Son fled as mother tried to escape gunman
The home of Nathalie Warmerdam was still under renovations at the time of her murder Tuesday morning. Warmerdam's home was located in Bonnechere Valley.
After an intruder armed with a long gun began chasing his mother through their Wilno-area house Tuesday, the 20-year-old son of Nathalie Warmerdam ran outside, hearing the sound of a single gunshot as he fled.
Adrian Warmerdam, the son of Nathalie, 48, was inside the farmhouse his mother once shared with her former boyfriend Basil Borutski the morning police allege he stormed in and began shooting. She is one of three women, all former girlfriends, allegedly killed by the 57-year-old Borutski.
Nathalie, 48, was in the dining room on her computer, checking emails and Facebook when she started motioning to her son who was in another room.
"I didn't know anything was wrong," Adrian told Postmedia on Thursday. By the time he realized something was awry, the gunman was inside the home and moving quickly.
"At first my mother was making a motion. Presumably she saw him first."
Adrian recognized that man as his mother's ex-boyfriend, who is now charged with three counts of first-degree murder.
"She ran through the house and he was chasing her and they ran past me," he said.
"I can't say if he saw me or if he was ignoring me. As soon as I realized who he was, I fled the home and on the way out I did hear a shot."
The young man phoned police and waited in the nearby bush until they arrived. He didn't see his mother's killer flee or know how the man got to the home.
The entire ordeal happened sometime between 9:30 and 10 a.m. Tuesday, cementing a short but deadly timeline that began just a few hours earlier in Palmer Rapids, where police believe Borutski left his home with a plan to kill his former lovers.
Nathalie Warmerdam's relationship with the man now accused of killing her and two others began in 2009 when she was working at a hospice in Renfrew. Basil Borutski was visiting his father in the hospice when the two met and began a relationship.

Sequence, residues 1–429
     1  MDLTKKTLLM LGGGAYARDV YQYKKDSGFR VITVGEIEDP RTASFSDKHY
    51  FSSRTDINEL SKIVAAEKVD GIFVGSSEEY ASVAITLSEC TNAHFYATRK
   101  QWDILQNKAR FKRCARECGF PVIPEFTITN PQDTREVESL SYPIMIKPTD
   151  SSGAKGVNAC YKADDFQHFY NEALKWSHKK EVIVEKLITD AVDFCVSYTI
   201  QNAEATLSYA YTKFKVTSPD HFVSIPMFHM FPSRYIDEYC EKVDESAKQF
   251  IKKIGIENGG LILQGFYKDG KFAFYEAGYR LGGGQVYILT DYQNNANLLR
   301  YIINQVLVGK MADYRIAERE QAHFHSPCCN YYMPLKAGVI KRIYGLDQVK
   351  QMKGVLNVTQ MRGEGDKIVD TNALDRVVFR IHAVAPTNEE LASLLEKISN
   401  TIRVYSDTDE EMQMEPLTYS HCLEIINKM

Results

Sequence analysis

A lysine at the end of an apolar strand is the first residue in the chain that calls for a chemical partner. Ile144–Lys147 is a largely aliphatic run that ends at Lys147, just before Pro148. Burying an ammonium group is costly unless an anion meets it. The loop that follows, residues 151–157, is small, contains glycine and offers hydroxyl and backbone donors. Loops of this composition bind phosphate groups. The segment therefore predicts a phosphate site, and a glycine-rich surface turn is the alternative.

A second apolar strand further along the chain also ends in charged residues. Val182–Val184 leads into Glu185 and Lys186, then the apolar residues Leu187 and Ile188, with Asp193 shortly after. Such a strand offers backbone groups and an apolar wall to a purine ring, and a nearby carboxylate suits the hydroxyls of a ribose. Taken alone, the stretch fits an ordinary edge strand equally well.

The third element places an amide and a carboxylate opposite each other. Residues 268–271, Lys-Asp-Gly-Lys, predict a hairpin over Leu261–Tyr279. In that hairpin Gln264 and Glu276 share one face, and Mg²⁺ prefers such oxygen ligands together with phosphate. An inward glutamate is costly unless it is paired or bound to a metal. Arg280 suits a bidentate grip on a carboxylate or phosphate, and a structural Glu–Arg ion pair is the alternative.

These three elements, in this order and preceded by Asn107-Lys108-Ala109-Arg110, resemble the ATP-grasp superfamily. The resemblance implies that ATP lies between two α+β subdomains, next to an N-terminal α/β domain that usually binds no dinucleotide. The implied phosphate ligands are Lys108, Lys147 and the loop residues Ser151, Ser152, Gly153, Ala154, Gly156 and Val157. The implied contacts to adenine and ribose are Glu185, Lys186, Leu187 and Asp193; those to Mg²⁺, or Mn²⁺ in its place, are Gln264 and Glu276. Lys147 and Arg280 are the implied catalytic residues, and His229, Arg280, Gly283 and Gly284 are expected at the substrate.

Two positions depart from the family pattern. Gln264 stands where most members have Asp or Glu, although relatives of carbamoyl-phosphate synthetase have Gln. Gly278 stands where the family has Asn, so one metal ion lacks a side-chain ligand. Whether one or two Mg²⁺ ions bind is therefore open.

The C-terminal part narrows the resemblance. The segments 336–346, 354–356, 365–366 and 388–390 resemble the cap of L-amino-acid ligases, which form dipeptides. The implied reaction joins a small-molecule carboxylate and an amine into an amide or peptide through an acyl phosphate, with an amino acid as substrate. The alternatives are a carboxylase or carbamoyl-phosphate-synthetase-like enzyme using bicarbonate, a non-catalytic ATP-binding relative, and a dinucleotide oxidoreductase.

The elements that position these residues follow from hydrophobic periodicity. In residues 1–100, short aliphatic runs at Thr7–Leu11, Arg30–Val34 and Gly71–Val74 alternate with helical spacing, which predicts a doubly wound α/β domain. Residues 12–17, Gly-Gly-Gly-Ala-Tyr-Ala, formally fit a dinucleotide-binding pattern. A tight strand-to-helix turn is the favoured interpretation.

Her ex-husband Frank Warmerdam says it was a particularly vulnerable time for Nathalie -- to whom he was married for 16 years -- and their two children, Adrian and 18-year-old Valerie.
Nathalie had grown up in the Ottawa Valley and, in 2005, she and her then-husband moved back to the area to raise their children in the country.
Four years later, their marriage was ending.
"She was in a very fragile and emotional state," Frank said. "She and I were going through a separation at the time."
At the same time, Borutski was fighting his ex-wife in court, said Borutski's former landlord and friend Jim McClement. McClement said Warmerdam went to court to support Borutski during the divorce hearings and they dated for a while with Borutski eventually moving into the farmhome she shared with her children.
Adrian recalls those early days: "At first, we quite liked the guy. I liked the guy. I got along with him OK."
Frank Warmerdam called Borutski "very sympathetic" at the start of his relationship with Nathalie.
But things began to spiral downward.
"Things got worse and worse," Adrian said. "He was a heavy drinker." And eventually, Borutski was "drinking all the time" and incidents of alleged abuse began to increase.
During the last year that Borutski lived at the Foymount Road home, he and Adrian didn't even speak.
Genevieve Way, who worked with Nathalie at Co-operative Policing: Killaloe Area, a group dedicated to securing positive changes in policing, said Nathalie encouraged Borutski to seek counselling, but he refused.
"I have known him for seven years and his behaviour has escalated," Way said. "He has been in jail and he was offered supports, mental health support, free counselling, but he refused."
Borutski, she said, "blamed everyone else for the troubles in his life."
By all accounts, Warmerdam had stood by Borutski and had hoped to get him help.